"We only carry top of the line," Pekarsky said. "I won't sell something I won't give to my own animals."
A stay at the inn begins with an interview process that includes a seven-page application so Pekarsky can learn about the dog's history.
"I will not take a dog that's aggressive because I won't put somebody else's beloved pet in jeopardy," she said. Pekarsky takes extra measures to prevent potential dog fights. "I don't have anything in there a dog can possess. All of the toys are big enough so that the dog cannot fit its mouth around it and possess it."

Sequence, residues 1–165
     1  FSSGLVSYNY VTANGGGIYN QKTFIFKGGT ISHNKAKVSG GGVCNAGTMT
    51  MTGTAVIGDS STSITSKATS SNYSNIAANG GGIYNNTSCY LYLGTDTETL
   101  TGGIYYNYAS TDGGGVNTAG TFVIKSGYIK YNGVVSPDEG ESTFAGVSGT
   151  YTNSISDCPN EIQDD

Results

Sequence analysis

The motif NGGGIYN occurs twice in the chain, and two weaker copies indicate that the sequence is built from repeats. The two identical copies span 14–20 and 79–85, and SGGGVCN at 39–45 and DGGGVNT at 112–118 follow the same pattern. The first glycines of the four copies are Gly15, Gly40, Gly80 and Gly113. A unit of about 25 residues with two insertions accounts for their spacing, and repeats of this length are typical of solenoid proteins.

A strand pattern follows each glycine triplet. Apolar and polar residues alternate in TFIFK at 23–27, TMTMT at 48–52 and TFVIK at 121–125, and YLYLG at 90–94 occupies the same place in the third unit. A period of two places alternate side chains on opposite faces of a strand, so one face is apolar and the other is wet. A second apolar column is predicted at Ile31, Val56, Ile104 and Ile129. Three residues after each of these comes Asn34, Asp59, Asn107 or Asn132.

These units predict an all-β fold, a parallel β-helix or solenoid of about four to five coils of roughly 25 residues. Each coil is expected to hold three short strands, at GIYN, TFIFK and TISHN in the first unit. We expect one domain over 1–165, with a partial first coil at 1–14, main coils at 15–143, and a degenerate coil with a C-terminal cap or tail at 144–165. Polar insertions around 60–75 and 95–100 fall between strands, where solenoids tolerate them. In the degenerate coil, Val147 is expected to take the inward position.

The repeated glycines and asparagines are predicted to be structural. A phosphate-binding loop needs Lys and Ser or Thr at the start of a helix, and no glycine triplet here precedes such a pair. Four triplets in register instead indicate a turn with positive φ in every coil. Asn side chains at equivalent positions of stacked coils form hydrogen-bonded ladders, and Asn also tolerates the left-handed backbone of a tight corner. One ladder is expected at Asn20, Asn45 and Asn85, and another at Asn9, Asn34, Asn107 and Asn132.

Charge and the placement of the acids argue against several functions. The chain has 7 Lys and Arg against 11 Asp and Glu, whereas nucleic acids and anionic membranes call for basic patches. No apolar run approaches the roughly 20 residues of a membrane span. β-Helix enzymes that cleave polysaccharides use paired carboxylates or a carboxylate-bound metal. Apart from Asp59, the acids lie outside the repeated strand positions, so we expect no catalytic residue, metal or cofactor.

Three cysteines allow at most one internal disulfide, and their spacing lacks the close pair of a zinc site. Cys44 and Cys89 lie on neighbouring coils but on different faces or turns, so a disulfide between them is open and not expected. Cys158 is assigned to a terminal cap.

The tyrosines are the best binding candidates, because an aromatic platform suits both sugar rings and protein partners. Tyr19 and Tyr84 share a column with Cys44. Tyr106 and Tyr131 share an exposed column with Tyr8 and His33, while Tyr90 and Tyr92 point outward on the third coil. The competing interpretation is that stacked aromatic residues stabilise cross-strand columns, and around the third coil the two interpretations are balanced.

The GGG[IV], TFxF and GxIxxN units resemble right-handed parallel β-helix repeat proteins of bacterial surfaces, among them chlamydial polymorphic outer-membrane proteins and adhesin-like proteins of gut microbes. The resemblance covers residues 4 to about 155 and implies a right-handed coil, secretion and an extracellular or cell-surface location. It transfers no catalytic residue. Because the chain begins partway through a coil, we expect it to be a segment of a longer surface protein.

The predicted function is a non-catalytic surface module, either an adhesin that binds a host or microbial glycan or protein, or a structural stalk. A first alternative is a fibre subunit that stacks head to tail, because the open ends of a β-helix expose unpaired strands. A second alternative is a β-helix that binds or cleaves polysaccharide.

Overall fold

Additionally, Pekarsky is certified by the Red Cross in pet first aid and disaster relief.
As for foster care and adoptions, Pekarsky works with nonprofit organizations like Wayward Paws and Wanderer's Rest for both cats and dogs. Her cat room, located in the front of the inn far from the dogs, was built to help cats get adopted.
"I feel like I can really make a difference now," she said, happy that she is in a position to raise awareness, help animals, and look forward to going to work - all at the same time.